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Civil-Comp Proceedings
ISSN 1759-3433
CCP: 86
Edited by: B.H.V. Topping
Paper 25

Dynamic Analysis of Composite Floors Subject to Human Rhythmic Activities

J.K. Loose1, W.G. Ferreira1 and J.G.S. da Silva2

1Civil Engineering Department, Federal University of Espirito Santo, Brazil
2Mechanical Engineering Department, State University of Rio de Janeiro, Brazil

Full Bibliographic Reference for this paper
J.K. Loose, W.G. Ferreira, J.G.S. da Silva, "Dynamic Analysis of Composite Floors Subject to Human Rhythmic Activities", in B.H.V. Topping, (Editor), "Proceedings of the Eleventh International Conference on Civil, Structural and Environmental Engineering Computing", Civil-Comp Press, Stirlingshire, UK, Paper 25, 2007. doi:10.4203/ccp.86.25
Keywords: composite floors, structural dynamics, computational modelling, steel and composite structures, human comfort.

The need for a rhythmic excitation design criterion has arisen from the increasing incidence of building vibration problems due to rhythmic activities. This was the main motivation for the development of a design methodology based on the structural system dynamic response submitted to dynamic loads due to human activities.

This paper investigated the dynamic behaviour of composite floors (steel-concrete) when subjected to the rhythmic activities corresponding to aerobic gymnastics and free jumps. The dynamic loads were obtained through experimental tests with individuals carrying out rhythmic and non-rhythmic activities such as stimulated and non-stimulated jumping and aerobic gymnastics [1].

The proposed analysis methodology adopted the usual mesh refinement techniques present in the finite element method. Based on the experimental results, human load functions resulting from rhythmic and non-rhythmic activities are proposed. The structural model investigated was based on several floors, with main spans varying from 5m to 10m. The structural systems are composed of a composite (steel/concrete) solution made of an "I" steel profile and a reinforced concrete slab. The proposed analysis methodology adopted the usual mesh refinement techniques present in the finite element method simulations implemented in the ANSYS program [2].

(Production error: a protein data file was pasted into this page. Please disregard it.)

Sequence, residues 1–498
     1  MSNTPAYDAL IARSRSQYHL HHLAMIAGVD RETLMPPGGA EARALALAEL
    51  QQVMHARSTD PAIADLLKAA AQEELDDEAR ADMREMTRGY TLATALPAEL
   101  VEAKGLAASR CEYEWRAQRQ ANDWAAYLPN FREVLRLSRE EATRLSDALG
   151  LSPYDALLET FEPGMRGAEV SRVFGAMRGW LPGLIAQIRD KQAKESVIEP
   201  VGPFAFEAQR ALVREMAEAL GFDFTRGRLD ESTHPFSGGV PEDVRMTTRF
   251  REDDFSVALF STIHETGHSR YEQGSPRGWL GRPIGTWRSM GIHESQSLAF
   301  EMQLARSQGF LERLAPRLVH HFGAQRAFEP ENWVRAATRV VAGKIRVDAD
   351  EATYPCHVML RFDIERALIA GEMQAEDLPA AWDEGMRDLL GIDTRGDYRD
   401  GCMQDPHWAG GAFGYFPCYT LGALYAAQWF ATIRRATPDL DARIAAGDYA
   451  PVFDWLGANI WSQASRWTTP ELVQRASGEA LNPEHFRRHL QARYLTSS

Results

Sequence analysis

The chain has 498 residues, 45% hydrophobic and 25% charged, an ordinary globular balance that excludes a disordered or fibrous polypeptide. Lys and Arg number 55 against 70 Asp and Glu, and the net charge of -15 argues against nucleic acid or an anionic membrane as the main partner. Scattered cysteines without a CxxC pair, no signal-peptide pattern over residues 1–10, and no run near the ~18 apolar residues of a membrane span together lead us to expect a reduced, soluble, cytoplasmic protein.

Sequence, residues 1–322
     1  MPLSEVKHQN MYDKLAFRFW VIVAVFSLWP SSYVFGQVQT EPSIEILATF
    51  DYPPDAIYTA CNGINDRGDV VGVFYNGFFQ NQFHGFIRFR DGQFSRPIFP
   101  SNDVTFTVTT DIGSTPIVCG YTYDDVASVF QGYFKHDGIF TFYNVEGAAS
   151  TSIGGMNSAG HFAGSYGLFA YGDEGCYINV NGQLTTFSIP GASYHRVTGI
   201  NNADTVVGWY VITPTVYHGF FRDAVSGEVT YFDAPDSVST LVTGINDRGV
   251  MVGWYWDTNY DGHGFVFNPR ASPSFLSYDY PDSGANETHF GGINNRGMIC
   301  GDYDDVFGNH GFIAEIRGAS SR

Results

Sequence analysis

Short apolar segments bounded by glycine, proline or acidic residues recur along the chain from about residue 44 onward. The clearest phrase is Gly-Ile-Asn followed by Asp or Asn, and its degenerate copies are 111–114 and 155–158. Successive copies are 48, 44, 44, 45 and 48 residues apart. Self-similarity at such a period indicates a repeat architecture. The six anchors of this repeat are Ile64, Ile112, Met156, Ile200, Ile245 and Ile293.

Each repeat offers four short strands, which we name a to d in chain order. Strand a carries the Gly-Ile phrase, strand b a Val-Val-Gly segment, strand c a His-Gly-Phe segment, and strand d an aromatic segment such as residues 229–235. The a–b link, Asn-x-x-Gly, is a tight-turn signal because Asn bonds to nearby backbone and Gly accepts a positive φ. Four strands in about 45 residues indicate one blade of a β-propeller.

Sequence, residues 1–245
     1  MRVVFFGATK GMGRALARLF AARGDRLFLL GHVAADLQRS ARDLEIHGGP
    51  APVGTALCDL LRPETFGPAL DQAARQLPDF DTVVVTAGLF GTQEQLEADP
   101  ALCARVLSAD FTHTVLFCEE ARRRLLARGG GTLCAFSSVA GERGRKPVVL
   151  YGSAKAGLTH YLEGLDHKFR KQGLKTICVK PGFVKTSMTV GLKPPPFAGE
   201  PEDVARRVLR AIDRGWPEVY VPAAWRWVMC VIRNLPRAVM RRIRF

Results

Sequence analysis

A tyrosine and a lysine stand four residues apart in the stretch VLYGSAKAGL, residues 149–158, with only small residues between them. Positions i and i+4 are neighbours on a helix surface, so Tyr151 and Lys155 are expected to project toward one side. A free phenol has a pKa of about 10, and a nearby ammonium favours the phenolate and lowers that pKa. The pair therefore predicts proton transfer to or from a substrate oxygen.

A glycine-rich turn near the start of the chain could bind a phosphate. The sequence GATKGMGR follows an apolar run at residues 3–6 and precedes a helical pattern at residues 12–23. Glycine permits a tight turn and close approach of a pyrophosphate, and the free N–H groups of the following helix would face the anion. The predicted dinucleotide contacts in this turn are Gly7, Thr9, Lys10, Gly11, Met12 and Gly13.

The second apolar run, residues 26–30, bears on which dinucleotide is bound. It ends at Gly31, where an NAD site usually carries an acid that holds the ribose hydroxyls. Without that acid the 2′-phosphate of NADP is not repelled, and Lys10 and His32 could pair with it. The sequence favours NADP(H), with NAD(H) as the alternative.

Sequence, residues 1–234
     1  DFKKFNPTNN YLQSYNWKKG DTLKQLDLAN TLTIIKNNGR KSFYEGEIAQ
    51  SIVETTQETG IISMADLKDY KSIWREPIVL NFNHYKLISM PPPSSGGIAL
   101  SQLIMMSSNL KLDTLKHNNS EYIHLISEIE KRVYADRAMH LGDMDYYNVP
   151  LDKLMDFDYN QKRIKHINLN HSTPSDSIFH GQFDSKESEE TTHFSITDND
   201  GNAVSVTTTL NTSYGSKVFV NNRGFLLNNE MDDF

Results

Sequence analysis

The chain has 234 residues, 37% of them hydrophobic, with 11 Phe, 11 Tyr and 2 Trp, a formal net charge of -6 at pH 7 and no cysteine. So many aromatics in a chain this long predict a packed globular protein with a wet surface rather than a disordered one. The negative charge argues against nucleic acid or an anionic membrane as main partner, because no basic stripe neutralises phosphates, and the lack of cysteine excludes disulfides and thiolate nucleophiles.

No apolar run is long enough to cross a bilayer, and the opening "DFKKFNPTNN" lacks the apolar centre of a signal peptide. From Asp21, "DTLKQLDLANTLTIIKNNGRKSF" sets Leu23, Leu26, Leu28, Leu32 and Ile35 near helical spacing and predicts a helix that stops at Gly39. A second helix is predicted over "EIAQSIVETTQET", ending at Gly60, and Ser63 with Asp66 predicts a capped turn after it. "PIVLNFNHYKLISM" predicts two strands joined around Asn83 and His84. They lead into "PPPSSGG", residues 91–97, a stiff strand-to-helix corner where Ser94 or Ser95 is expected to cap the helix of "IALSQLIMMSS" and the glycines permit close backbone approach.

A parametric analysis was performed varying the composite floor span from 5m to 10m. The steel columns height was kept equal to 5m for all floors. The incorporation of the columns in the computational model was made in order to obtain a more realistic simulation of the beam-column joint. The parametric study considered correlations between analytical and numerical results found in the technical literature [3]. The results, in terms of maximum accelerations, are compared with the limits proposed by design recommendations, from the point of view of human comfort [3,4].

The results indicated that the limits suggested by design recommendations [3,4] were not satisfied, in most of the investigated composite floors. It was shown that these rhythmic activities may generate peak accelerations that violated design criteria when human comfort is considered. It was verified that these dynamic loads generated considerable perturbations on an adjacent floor. The influence caused by dynamic actions in adjacent floors near where the load was applied also can compromise the human comfort.

Faísca R.G., "Caracterização de Cargas Dinâmicas Geradas por Atividades Humanas", PhD Thesis, COPPE/UFRJ, Rio de Janeiro, RJ, Brazil, 2003.
ANSYS, "Swanson Analysis Systems", Inc. P.O. Box 65, Johnson Road, Houston, PA. 15342-0065, Version 5.5. Basic analysis procedures. Second edition, 1998.
Murray T.M., Allen D.E. and Ungar E.E., "Floor Vibration Due to Human Activity", Steel Design Guide Series, AISC, Chicago, USA, 1997.
International Standard Organization. Evaluation of Human Exposure to Whole-Body Vibration, Part 2: Human Exposure to Continuous and Shock-Induced Vibrations in Buildings (1 to 80Hz), International Standard. ISO 2631-2, 1989.

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